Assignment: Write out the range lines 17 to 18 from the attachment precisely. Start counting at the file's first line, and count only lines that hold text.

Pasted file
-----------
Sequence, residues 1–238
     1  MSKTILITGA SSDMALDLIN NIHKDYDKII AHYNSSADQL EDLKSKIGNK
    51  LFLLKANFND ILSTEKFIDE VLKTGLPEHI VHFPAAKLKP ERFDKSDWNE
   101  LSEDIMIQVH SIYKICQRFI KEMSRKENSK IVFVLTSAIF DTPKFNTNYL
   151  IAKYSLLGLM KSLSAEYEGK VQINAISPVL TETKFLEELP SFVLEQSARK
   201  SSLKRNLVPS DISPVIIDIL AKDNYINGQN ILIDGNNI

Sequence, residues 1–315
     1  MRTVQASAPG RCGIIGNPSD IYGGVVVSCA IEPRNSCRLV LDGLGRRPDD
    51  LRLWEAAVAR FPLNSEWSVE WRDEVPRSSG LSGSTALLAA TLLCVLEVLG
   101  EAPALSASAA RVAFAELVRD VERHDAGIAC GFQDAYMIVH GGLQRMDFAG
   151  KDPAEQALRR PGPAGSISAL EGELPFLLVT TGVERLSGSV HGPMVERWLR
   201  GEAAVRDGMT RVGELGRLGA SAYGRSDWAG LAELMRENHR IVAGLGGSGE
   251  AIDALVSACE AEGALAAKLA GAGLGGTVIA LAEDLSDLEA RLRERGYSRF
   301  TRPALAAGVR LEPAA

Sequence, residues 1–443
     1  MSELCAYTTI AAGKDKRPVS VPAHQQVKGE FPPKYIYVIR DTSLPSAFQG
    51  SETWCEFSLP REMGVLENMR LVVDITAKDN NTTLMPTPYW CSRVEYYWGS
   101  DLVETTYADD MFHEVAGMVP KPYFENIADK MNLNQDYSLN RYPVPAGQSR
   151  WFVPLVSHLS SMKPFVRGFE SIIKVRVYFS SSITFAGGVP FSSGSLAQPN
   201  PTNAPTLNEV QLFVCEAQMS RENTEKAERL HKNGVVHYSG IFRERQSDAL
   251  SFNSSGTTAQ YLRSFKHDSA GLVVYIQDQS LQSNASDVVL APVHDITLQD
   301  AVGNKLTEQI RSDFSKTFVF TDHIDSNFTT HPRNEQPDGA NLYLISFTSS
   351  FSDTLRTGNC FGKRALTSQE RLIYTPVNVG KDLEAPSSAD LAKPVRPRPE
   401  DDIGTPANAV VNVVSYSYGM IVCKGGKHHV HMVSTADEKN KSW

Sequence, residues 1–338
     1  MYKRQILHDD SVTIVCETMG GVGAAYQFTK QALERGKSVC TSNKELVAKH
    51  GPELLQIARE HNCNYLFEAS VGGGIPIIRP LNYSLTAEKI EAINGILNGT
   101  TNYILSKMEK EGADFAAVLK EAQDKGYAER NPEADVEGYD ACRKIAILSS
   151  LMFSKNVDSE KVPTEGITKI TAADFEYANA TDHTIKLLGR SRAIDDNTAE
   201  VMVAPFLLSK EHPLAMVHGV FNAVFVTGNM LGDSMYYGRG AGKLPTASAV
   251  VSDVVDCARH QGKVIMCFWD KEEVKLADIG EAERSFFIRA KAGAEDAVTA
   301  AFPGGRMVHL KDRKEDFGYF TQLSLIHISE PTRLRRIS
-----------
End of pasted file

    51  SETWCEFSLP REMGVLENMR LVVDITAKDN NTTLMPTPYW CSRVEYYWGS
   101  DLVETTYADD MFHEVAGMVP KPYFENIADK MNLNQDYSLN RYPVPAGQSR